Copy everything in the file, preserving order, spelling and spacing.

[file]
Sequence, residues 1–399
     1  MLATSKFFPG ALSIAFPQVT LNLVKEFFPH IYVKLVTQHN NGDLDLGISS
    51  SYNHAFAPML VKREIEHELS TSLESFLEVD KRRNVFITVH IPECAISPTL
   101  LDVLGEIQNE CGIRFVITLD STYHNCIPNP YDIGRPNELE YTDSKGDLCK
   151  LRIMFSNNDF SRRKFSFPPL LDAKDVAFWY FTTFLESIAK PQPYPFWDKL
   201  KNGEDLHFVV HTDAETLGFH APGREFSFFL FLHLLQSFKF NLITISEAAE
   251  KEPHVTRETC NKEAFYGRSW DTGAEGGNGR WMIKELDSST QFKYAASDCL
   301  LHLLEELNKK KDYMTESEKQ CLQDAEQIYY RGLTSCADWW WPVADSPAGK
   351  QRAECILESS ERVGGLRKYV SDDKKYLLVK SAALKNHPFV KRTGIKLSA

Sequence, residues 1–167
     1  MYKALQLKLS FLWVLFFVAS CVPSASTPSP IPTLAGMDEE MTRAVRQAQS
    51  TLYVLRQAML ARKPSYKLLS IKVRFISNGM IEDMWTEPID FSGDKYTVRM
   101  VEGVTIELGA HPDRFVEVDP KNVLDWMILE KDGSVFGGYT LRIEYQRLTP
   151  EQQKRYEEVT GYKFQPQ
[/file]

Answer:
Sequence, residues 1–399
     1  MLATSKFFPG ALSIAFPQVT LNLVKEFFPH IYVKLVTQHN NGDLDLGISS
    51  SYNHAFAPML VKREIEHELS TSLESFLEVD KRRNVFITVH IPECAISPTL
   101  LDVLGEIQNE CGIRFVITLD STYHNCIPNP YDIGRPNELE YTDSKGDLCK
   151  LRIMFSNNDF SRRKFSFPPL LDAKDVAFWY FTTFLESIAK PQPYPFWDKL
   201  KNGEDLHFVV HTDAETLGFH APGREFSFFL FLHLLQSFKF NLITISEAAE
   251  KEPHVTRETC NKEAFYGRSW DTGAEGGNGR WMIKELDSST QFKYAASDCL
   301  LHLLEELNKK KDYMTESEKQ CLQDAEQIYY RGLTSCADWW WPVADSPAGK
   351  QRAECILESS ERVGGLRKYV SDDKKYLLVK SAALKNHPFV KRTGIKLSA

Sequence, residues 1–167
     1  MYKALQLKLS FLWVLFFVAS CVPSASTPSP IPTLAGMDEE MTRAVRQAQS
    51  TLYVLRQAML ARKPSYKLLS IKVRFISNGM IEDMWTEPID FSGDKYTVRM
   101  VEGVTIELGA HPDRFVEVDP KNVLDWMILE KDGSVFGGYT LRIEYQRLTP
   151  EQQKRYEEVT GYKFQPQ